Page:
Malaysia has already boosted security measures at transport hubs since the shoot-out and bombings in Jakarta in January.
Deputy Home Minister Nur Jazlan Mohamad told The Sunday Times that the authorities had been in talks with airport operators and stakeholders on security arrangements in transport hubs and public areas, including linkages to the airports and train systems over the past two months.
But there are no plans as yet to scan people entering public areas.
"At the moment, we do not have plans to restrict access to the public areas as that would create another host of problems such as crowding," Mr Nur Jazlan said.
He confirmed that the Home Ministry had deployed more police and plainclothes officers at transport hubs, and stressed that they were also focusing on intelligence to nab terror suspects.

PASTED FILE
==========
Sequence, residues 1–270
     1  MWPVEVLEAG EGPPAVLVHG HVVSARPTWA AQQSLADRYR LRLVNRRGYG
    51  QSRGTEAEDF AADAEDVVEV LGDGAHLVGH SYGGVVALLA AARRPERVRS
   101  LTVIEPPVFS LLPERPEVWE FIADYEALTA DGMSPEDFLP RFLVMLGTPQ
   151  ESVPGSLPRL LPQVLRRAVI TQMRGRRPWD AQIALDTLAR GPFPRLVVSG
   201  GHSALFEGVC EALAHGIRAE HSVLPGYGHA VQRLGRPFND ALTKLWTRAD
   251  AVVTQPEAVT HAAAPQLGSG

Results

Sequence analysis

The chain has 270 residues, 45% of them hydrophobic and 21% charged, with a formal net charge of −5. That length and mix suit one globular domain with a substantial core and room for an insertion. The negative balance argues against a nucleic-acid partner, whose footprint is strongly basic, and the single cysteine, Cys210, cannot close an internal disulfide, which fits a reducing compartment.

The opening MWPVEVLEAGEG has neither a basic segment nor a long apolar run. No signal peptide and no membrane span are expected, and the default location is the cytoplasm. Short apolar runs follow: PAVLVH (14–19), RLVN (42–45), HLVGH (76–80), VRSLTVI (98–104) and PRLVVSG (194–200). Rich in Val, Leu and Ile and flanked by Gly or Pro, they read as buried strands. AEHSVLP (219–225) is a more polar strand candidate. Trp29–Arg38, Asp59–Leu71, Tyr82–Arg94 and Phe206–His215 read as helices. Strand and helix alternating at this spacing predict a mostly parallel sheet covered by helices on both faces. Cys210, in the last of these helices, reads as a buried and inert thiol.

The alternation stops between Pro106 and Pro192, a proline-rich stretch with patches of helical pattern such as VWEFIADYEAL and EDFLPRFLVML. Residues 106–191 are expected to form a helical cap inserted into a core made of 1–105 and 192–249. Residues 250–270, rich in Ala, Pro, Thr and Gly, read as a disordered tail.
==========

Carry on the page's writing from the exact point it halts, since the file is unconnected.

Security has been boosted at airports and train stations in the region and beyond after last Tuesday's Brussels bombings exposed the vulnerability of publicly accessible zones. The Sunday Times correspondents report on the measures taken.
"Our Special Branch is working through intelligence, that is why we have so many arrests (of militants)," he added.
Criminologist P. Sundramoorthy said that merely increasing the police presence at transportation hubs would not make them any less vulnerable, citing the Brussels attacks as a prime example.
"The police presence only provides a sense of security to the people," he added.
Airport operator Malaysia Airports Holdings said it had tightened controls over the issuance of airport security passes and increased the frequency of security patrols and other checks.